Ai Weiwei, Zhao Lianhai, Zhang Xiaogang and China's Five-Year Plan

Because of work I have been looking up documents of China's latest 12th Five-Year Plan, which is kind of like the policy address of the central government. So one of the chapters stated that the country's culture industry will be given one of the top priorities and it was hoped that in five years' time, culture industry will become one of the country's "pillar industries", meaning that it will contribute to at least five per cent of the national GDP.

So what is culture industry? Basically the production of anything that has to do with "culture" - films, art, animation, books, TV, name it, and this list can never end.

In terms of films, China certainly rocks, with its national box office in 2010 reaching the record 10.2 billion yuan - more than 60% growth from the previous year, more than six-fold increase from a decade ago.

And with art, Chinese art - from contemporary art to 20th Century paintings and Chinese fine art - commands staggering prices in the art market, as we can see from Sotheby's spring sale through out the week. Zhang Xiaogang's early triptych fetched HK$79 million - the MOST expensive piece of contemporary art ever sold in auction.

So on the money side, everything looks perfect! And these figures fit in with China's ambition to boost the culture industry. But one thing is missing - if you do not have the freedom to liberate your creative mind, how can you produce quality culture products that will sell to the world?

Art is about taking risk, and to dare to challenge the status-quo to make our world a better place. I'm no art expert, but I can tell that the best pieces of art are produced during the most difficult times when people are striving to make their lives and their world better. And the key to this is to be able to speak what's on your mind.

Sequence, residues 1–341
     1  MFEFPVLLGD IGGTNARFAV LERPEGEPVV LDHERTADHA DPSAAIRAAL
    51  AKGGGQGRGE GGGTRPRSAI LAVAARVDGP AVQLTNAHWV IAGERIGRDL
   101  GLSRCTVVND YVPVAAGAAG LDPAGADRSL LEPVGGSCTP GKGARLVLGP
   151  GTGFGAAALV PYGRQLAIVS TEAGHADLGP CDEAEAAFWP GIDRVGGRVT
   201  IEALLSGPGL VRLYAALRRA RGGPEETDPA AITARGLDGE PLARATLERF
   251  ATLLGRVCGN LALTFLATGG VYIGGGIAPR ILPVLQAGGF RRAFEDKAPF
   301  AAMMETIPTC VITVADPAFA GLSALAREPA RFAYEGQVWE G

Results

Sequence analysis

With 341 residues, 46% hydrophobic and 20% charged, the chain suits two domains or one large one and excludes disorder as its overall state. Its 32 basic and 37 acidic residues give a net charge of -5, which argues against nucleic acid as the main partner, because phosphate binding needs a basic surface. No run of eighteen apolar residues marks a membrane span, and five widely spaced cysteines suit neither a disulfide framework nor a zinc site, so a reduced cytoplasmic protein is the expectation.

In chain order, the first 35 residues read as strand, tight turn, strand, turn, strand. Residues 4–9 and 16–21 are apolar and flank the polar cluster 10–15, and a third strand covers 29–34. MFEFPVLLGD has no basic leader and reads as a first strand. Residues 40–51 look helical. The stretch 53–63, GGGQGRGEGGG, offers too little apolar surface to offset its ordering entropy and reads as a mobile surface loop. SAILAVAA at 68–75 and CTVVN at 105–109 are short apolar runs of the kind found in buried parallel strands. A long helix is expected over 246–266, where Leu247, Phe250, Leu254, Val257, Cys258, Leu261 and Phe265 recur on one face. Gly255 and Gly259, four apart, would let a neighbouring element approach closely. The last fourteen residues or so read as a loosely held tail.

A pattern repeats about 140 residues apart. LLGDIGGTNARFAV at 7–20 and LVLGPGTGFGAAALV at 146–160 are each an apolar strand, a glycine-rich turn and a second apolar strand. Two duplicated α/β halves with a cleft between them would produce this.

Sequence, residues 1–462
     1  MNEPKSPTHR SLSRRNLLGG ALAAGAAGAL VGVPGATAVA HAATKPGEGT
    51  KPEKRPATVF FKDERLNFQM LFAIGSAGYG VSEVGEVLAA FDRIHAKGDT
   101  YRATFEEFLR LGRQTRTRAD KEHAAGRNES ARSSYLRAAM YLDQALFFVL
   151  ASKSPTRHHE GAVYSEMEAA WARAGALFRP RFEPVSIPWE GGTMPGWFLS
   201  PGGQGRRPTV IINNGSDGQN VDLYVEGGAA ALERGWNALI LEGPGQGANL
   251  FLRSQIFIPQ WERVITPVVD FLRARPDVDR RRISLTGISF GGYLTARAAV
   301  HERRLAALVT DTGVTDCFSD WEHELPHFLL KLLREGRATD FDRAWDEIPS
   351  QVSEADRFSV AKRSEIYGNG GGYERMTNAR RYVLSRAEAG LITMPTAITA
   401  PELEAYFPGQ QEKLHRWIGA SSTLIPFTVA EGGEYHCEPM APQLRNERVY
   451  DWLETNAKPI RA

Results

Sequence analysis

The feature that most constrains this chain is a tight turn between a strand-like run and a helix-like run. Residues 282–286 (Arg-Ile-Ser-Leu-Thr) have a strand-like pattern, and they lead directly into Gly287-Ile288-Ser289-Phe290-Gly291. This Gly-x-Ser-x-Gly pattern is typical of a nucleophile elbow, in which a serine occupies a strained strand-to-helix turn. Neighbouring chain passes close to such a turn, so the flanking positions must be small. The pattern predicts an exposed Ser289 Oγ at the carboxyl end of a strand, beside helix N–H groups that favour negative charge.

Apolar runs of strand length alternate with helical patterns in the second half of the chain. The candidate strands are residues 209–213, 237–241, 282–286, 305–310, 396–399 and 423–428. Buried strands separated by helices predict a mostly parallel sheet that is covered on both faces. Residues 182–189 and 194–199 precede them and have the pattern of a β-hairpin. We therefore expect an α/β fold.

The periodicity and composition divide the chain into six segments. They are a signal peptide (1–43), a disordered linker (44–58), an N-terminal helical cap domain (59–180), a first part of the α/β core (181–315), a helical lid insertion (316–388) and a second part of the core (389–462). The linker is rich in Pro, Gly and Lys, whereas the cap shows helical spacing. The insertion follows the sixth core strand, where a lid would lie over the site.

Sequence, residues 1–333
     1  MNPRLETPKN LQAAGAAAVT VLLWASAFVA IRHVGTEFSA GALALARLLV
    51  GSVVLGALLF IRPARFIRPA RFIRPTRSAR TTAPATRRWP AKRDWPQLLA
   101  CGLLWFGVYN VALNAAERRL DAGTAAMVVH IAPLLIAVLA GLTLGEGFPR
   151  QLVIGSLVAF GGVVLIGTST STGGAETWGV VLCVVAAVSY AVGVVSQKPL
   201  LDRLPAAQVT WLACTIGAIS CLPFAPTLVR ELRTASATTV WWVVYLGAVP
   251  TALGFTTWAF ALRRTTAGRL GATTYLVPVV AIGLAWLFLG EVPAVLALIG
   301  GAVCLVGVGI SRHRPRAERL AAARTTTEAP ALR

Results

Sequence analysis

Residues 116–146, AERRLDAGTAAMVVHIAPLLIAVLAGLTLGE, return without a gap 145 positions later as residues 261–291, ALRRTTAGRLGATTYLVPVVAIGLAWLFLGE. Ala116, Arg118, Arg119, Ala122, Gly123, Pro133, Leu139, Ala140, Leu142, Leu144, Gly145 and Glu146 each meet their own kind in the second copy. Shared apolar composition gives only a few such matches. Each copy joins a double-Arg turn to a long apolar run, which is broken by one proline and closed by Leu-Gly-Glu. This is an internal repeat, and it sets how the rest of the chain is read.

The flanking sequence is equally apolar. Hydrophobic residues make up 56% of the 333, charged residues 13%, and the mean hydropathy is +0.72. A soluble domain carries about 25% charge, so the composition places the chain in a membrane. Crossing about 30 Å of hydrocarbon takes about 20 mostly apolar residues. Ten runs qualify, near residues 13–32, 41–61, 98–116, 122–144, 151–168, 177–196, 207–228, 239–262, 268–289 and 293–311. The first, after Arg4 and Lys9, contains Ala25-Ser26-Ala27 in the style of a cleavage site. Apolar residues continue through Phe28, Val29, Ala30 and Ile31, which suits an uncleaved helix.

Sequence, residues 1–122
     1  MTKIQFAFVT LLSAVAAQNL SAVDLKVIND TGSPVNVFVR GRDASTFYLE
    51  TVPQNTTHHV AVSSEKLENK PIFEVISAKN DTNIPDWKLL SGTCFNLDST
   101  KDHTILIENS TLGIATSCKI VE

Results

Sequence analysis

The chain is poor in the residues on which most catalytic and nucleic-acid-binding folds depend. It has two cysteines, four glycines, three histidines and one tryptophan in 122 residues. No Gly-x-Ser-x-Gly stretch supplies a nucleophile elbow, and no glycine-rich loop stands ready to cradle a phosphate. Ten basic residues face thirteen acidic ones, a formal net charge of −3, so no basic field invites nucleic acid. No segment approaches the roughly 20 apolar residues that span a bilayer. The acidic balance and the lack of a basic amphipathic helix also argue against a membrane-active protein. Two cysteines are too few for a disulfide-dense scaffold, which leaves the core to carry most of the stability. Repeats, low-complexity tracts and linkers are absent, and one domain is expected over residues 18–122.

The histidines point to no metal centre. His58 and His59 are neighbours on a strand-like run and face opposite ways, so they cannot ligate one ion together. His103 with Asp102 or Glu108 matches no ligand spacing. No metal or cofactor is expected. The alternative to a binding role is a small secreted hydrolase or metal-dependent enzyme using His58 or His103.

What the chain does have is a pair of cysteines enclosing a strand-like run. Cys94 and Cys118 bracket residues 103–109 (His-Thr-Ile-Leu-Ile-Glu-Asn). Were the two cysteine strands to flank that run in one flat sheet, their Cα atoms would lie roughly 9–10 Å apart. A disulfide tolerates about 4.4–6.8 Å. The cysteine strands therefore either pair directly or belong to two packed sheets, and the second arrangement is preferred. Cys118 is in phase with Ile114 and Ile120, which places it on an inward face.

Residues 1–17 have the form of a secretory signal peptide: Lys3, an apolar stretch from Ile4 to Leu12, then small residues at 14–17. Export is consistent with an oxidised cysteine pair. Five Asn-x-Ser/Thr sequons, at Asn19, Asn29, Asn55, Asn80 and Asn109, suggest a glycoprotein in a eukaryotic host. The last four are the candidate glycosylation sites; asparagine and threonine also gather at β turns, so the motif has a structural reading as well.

But it was heart-breaking when I watched the news this morning. Zhao Lianhai, the activist who petitioned for the children suffering from drinking the melamine-tainted milk but eventually got himself into jail last year, released a video on YouTube showing support for his comrade artist-activist Ai Weiwei who has been reportedly detained and lost contact with the outside world. It was the first time for Zhao to speak up, after he had an early release from the 2 1/2 years imprisonment four months ago. He has been keeping a low-profile after the release, but because of the "disappearance" of Ai, he took the risk to speak up.

In this 20-minute long video, Zhao pleaded for Ai, and also other activists who petitioned and spoke the truth with an intention only to make the country a better place for the future generation. At one point, he couldn't help crying, and tears rolled down on my face as well.

We are lucky because we are in Hong Kong, and we get to see all these. But what about people in China? Why does the Chinese race always have to suffer from this kind of ill-fated incidents over and over again? Why do Chinese people have to be prosecuted for what they say through out the course of history? Is it really the "Curse of the Dragon" as we discussed in class?

If there's such a curse, I hope it will soon be lifted, otherwise this grand Five-Year Plan to boost China's culture industry will not be realised. Well, it might, with China's economy thriving for the time being, but then it will just be all about money, and all is left is a nation with no soul.

Shit! Maybe I should just shut up?

Instagram @missviviennechow